Tag Archives: SurfControl GmbH

Which is Bigger? Porn Or Phishing?

Less than two years ago no one had heard of phishing and getting my editors excited about it as a problem wasn’t a cakewalk. Now, according to a report in SiliconRepublic.com, it’s bigger than porn spam:

Since the beginning of this year, the number of phishing scams has risen from 1pc to 8.3pc of the total volume of spam in circulation, according to the latest figures from the global team of SurfControl Threat Experts. The company found that the number of emails generated between January and June, attempting to con recipients into handing over sensitive personal information, now equals that of adult spam.

I don’t seem to be able to find the quoted report on the SurfControl website. Will post the link if and when I do.

News: Have you been brand spoofed yet?

 SurfControl, an anti-spam company, says that “brand spoofing spam” – where a spammer sends fraudulent email that pretends to be from a well-known and trusted company — is getting worse, after only a few months of its existence.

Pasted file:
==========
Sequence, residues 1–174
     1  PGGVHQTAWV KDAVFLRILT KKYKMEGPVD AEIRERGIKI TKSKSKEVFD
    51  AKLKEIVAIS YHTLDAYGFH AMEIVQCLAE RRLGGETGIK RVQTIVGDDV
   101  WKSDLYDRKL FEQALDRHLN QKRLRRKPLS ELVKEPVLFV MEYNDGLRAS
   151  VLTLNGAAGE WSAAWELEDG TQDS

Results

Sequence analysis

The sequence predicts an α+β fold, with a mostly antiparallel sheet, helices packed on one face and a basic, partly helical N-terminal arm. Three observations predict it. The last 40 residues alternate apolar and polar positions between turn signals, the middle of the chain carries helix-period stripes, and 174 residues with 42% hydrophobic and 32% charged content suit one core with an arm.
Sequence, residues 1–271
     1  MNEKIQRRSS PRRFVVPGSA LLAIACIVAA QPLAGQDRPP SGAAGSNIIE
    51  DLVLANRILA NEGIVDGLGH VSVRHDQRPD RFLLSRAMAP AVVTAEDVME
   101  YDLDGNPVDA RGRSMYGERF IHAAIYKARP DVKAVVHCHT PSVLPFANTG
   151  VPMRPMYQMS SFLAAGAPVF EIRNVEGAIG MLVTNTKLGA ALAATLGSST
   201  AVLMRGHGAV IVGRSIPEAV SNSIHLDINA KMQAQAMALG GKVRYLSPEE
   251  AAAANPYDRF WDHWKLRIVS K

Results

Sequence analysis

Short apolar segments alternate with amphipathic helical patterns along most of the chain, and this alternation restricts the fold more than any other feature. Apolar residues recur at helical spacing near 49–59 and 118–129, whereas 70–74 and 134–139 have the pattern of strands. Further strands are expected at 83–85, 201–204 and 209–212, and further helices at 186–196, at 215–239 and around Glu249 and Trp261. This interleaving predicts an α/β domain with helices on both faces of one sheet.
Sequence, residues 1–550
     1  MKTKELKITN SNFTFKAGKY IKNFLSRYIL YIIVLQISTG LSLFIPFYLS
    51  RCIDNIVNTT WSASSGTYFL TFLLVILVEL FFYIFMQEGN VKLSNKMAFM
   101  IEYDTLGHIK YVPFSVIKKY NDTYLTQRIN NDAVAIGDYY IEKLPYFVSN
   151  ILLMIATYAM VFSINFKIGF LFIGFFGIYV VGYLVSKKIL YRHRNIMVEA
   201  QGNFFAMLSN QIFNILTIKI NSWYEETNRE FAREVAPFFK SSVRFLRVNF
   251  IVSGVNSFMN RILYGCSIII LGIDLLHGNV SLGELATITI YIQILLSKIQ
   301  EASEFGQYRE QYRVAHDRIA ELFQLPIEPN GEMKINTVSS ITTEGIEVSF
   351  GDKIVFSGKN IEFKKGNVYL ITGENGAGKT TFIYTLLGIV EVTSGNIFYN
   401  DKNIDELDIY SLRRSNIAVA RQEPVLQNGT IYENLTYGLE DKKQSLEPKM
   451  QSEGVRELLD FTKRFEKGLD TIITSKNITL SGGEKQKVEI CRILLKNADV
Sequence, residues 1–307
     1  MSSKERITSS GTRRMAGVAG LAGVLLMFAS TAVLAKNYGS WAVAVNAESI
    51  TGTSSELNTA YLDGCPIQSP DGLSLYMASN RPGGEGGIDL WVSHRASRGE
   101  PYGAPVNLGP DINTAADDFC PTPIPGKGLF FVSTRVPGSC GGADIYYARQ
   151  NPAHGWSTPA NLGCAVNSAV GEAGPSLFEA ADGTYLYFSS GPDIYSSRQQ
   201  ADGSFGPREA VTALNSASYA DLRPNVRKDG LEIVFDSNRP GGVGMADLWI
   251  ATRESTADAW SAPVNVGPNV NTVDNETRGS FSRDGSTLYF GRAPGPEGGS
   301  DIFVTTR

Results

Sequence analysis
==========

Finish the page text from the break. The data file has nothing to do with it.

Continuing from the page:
The spammer, posing as a customer service or security official, directs the unsuspecting recipient of the spam to a phony Web site. The site then requests confidential financial information or a Social Security number that allows the spammer to commit fraud or identity theft. Over the last few months, SurfControl said in a press release, Best Buy, UPS,
Bank of America, PayPal and First Union Bank have been brand spoofed. Four large Australian banks also have been brand spoofed, including the Commonwealth Bank of Australia. Last Thursday, Sony Electronics reported that it had become aware of a deceptive spam e-mail that had been sent to consumers, requesting personal information such as password and e-mail address, claiming to come from “SonyStyle Customer Service.”
SurfControl says brand spoofing spam was first seen in March and has been growing steadily since then. Brand spoofing spam has grown from zero before March to more than five a month. The increase in such dangerous spam is linked to the growth in the availability of open proxy servers, which allow spammers to send anonymous, nearly untraceable e-mail. According to a researcher at the University of Oregon Computing Center, the number of identified open proxies grew from 1,000 in October 2002, to 100,000 in April 2003.